Mary Beth Ruskai

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Mary Beth Ruskai (born 1944) is an American mathematician, Professor Emerita of Mathematics at the University of Massachusetts. She is a Fellow of the AAAS and the AMS.[1]


Ruskai graduated from Notre Dame College in Cleveland, Ohio in 1965 with a BS in chemistry. She simultaneously received her M.A. in mathematics and her Ph.D. in physical chemistry from the University of Wisconsin–Madison in 1969.


She was the Battelle postdoctoral fellow in mathematical physics at the Institut de Physique Theorique in Geneva Switzerland from 1969 to 1971. She spent most of her career at the University of Massachusetts Lowell, where she was on the faculty from 1977 until she took early retirement in 2002. From 2003 to 2013 she was based at Tufts University, and is currently an associate member of the Institute for Quantum Computing.

Her numerous visiting positions include appointments at MIT, Bell Labs, the University of Oregon, Rockefeller University, the University of Vienna, the Bunting Institute (later renamed the Radcliffe Institute for Advanced Studies), the Courant Institute of Mathematical Sciences at NYU, Georgia Tech, the Technical University of Berlin, the Dublin Institute of Technology and the Institute for Quantum Computing in Waterloo, Canada. In 1995 she was the Flora Stone Mather Visiting Professor at Case Western Reserve University in her hometown of Cleveland, Ohio. Its predecessor, the Case Institute of Technology did not admit women until after she received her B.S. in 1965.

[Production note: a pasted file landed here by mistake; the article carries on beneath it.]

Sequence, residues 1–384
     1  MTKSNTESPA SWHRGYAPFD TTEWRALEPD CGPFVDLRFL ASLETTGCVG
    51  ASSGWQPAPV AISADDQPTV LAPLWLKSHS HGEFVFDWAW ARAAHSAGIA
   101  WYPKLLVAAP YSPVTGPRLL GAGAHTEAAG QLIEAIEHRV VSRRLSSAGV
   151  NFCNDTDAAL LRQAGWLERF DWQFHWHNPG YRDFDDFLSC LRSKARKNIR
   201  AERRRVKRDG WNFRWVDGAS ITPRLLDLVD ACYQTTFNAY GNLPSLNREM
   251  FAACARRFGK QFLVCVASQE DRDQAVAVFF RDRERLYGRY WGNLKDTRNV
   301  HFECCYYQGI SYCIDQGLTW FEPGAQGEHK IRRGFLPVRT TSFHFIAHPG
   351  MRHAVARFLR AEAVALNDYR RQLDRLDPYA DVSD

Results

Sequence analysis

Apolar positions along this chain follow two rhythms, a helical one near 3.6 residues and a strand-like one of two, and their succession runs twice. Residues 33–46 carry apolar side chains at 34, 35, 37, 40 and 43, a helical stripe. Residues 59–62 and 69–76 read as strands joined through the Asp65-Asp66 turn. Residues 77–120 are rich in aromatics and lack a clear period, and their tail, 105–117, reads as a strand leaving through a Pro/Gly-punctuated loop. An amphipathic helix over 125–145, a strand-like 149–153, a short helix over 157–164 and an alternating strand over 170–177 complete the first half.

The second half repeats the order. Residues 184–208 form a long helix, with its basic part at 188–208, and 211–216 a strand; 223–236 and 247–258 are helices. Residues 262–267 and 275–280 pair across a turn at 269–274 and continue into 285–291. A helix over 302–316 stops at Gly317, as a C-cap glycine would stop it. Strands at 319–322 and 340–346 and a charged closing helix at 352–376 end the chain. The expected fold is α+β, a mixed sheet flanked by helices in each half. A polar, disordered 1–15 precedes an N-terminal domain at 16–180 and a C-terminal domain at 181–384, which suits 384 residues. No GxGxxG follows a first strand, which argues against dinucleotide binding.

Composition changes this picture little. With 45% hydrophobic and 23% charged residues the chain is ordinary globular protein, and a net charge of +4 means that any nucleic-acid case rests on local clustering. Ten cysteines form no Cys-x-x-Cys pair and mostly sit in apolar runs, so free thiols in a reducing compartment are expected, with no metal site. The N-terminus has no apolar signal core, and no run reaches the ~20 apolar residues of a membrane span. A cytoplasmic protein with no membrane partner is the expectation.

Ruskai's research focuses on mathematics applicable to quantum mechanics. In 1972 she and Elliot Lieb proved the Strong Subadditivity of Quantum Entropy, which was described in 2005 as "the key result on which virtually every nontrivial quantum coding theorem (in quantum information theory) relies".[2][3] In 1981 she gave the first proof that an atom can have only a maximum number of electrons bound to it regardless of the charge of its nucleus.[4]

Other Activities[edit]

Ruskai has been a frequent organizer of international conferences, especially those with an interdisciplinary focus. Of particular note was her organization of the first US conference on wavelet theory, at which Ingrid Daubechies gave the now legendary Ten Lectures on Wavelets.[5] She considers this one of her most important achievements.[6] She was also an organizer of conferences in Quantum Information Theory, including the Fall 2010 program at the Mittag-Leffler Institute,[7] as well as a series of workshops at the Banff International Research Station and the Fields Institute.[8]

Throughout her career, Ruskai has been an advocate for women in mathematics and has published 15 articles on gender and science.


  • Charlene Morrow and Teri Peri (eds), Notable Women in Mathematics, Greenwood Press, 1998, pp. 200–204.